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Words are potent and dangerous; they can both save lives, heal, offer hope or kill and bring about despair and change our lives forever.

I have had three long term relationships to date and only one of those men told me I was beautiful.  The third one whom I married and the only one I ever truly loved used many negatives to describe me both to friends and family and to me directly and indirectly. 

I am by no means a doormat nor a shrinking violet; yet this insidious drip drip effect of putdowns disguised as a joke and teasing at my expense made me very unhappy.  I could not pinpoint the reason nor the cause.  I was confused.  On the one hand we shared everything, had a beautiful daughter and was in the ultimate committed relationship as I saw it, marriage yet I sensed an emotional unavailability, lack of support and even brutality at times.  I couldn’t reconcile the two.

This confusion and frustration led to clinical depression which I fought on and off throughout my marriage.  In the end he held it up as the final straw that breaks the camel’s back or the final nail in the coffin, the corpse of our relationship which had been rotting for some time, though I refused to face it or give up on resurrecting it. 

Things came to a head when in a fit of anger he threatened to kill me.  Whether he meant it or not I was scared enough to run out barefoot in the early hours with nothing on me.  I ran to a friend’s in the village, rang the bell but being 1am they were asleep and I didn’t want to bang on the door, so I went home.  I ran up to the spare room upstairs, closed the door and tried to call the police but he pulled out the connection downstairs.  After a few minutes he had a change of heart and shouted up that I could call them now, which I duly did.

It took them an hour to arrive and they persuaded him to stay with a friend for the night to calm things down.  No doubt he sold them the story of me as  the hysterical over-reacting crazy woman.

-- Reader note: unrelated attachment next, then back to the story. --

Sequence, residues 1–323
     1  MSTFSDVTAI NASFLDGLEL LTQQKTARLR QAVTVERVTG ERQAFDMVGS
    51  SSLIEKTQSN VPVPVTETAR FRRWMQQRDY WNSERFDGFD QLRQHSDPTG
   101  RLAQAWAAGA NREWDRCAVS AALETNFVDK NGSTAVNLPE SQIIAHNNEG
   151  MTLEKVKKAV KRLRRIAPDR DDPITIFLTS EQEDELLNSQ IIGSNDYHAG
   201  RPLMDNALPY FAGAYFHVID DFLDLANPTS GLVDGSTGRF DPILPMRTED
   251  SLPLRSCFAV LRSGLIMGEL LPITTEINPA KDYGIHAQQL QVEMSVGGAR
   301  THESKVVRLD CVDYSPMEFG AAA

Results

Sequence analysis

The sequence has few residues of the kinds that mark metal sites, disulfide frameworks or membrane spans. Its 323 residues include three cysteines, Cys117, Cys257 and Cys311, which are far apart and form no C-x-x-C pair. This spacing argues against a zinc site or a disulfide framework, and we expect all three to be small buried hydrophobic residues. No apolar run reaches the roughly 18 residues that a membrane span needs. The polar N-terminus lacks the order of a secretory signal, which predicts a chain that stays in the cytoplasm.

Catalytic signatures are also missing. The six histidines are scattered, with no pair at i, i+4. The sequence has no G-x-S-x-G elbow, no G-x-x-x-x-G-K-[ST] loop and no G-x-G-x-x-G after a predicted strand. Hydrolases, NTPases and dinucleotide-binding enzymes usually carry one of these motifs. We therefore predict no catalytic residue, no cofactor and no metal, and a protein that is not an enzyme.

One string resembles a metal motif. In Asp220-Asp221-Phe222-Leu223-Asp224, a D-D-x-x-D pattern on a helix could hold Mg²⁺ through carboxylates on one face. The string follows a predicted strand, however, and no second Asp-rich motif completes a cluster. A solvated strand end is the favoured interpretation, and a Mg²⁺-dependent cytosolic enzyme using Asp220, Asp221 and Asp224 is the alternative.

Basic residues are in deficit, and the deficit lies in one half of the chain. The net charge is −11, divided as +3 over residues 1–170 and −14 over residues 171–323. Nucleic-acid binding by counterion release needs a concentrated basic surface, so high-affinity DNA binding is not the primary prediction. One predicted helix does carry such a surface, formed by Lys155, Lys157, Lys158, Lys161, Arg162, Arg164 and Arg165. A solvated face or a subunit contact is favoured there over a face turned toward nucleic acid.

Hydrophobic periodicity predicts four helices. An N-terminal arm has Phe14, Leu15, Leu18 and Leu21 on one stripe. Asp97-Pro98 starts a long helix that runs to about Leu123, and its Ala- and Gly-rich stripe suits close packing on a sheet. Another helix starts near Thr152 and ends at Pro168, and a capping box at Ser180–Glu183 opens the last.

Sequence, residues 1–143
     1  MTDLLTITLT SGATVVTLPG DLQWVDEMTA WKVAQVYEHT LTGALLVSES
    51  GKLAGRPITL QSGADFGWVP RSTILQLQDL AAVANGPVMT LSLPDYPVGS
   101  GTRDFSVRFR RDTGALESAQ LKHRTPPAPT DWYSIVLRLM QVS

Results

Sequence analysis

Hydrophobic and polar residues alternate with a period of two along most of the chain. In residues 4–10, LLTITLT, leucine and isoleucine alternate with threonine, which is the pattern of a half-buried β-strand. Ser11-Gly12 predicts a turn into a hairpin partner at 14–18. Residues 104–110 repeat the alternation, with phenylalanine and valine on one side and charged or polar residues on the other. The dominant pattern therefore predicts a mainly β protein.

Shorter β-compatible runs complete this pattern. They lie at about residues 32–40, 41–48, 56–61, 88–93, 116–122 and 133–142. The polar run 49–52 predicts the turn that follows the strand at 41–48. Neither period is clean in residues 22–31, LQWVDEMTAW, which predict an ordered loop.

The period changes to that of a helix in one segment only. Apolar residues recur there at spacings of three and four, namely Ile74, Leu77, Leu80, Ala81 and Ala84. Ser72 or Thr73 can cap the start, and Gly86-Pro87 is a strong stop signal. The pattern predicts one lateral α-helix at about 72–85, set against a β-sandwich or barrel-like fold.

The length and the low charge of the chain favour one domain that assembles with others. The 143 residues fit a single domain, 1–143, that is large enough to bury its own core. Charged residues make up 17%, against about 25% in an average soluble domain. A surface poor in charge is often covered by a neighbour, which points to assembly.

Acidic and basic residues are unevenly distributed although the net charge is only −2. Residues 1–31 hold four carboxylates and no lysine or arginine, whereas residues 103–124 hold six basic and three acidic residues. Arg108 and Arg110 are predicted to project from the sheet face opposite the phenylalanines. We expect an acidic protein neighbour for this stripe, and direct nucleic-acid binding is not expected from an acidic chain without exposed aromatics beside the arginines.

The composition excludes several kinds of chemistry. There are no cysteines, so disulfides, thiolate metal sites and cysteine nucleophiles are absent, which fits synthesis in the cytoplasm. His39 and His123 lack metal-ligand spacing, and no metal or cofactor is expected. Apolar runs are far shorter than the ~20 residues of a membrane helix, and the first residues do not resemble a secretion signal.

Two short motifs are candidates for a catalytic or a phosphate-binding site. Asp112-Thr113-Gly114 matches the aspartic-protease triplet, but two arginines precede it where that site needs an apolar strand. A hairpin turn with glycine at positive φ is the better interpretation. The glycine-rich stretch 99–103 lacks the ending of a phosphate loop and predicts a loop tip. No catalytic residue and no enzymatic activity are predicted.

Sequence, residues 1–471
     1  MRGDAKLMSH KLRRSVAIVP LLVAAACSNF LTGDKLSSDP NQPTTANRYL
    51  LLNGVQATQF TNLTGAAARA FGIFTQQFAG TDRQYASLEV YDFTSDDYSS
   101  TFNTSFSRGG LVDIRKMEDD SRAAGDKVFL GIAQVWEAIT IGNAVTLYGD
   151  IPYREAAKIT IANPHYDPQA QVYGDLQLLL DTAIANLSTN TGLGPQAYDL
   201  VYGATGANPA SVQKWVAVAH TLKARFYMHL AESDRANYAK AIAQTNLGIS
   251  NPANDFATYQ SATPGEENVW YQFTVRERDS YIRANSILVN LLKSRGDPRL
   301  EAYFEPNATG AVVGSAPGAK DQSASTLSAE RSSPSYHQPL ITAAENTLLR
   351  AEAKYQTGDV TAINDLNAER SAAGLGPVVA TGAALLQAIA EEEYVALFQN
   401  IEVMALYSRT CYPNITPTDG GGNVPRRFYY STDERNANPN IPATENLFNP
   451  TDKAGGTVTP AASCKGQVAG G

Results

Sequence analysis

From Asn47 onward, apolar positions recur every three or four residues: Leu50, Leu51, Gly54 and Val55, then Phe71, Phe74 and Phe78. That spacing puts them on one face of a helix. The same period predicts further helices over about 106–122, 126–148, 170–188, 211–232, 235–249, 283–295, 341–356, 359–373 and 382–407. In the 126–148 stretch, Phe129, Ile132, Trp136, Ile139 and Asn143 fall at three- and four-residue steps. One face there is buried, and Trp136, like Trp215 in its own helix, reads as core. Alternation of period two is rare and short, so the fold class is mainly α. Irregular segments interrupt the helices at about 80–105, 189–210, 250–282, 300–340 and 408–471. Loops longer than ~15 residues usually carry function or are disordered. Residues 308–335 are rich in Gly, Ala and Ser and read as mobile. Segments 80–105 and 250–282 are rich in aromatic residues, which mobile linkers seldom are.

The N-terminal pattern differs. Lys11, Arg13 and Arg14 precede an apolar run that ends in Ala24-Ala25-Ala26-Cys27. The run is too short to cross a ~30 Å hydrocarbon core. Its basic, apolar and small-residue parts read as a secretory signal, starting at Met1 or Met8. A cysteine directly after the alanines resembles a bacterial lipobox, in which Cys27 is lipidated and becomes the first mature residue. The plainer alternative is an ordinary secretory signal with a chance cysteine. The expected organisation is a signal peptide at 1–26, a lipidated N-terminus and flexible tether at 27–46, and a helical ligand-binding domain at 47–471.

In a roundabout way I am getting to the point of this story.  A couple of days later through the post box I received a leaflet on domestic violence from the police.  Now he has never been physically violent towards me and if he had I would have been the first to leave with my child.  I had witnessed it happening in my family and swore I would never put up with it myself.

Yet the questions on the cover of the leaflet caused the penny to drop, you know that light bulb OMG moment when it all makes sense.  There was a whole series of questions along the lines of does he make fun of you in public, does he put you down, does he constantly criticise you etc.  Tears rolled down my cheeks as silently I answered yes to every one of them.

Now I could put a name to it: emotional abuse. 

The man I loved was not my pillar of strength, my mentor who pointed out my faults in an attempt to better me but a control freak who was always right and had to have things his way.  Far from being the man I could turn to in a crisis and be the last man standing, he was a very weak and small man, because he needed to belittle me to feel big. 

Never in a million years would I have seen myself as a victim of emotional abuse, a form of domestic abuse, little known. 

Love is never about control, humiliation and destroying the spirit of the person you claim to care about.  If anything you would want to protect her/him from harm and hurt, never mind inflict it yourself consciously or otherwise.  Whether intentional or not it hurt like hell and was extremely damaging to my mental health and physical.  I would go as far as to say that it contributed to my cancer although I have no scientific proof.

I will never forget when he told me that he was pulling the plug because now he realises I would never change and that he had been standing by me and waiting all these years for me to change.  Quite into what, I don’t know.  When we met and fell in love, that was me and that was who he married, so I don’t really get it.  I am still me, even now, after everything.  I will always be me and being me ain’t so bad.

They say that the first step to solving your problem is to admit you have one in the first place but I think it is also vital to be able to name accurately what it is.  How can you begin to fight something if you don’t even know what you are up against?



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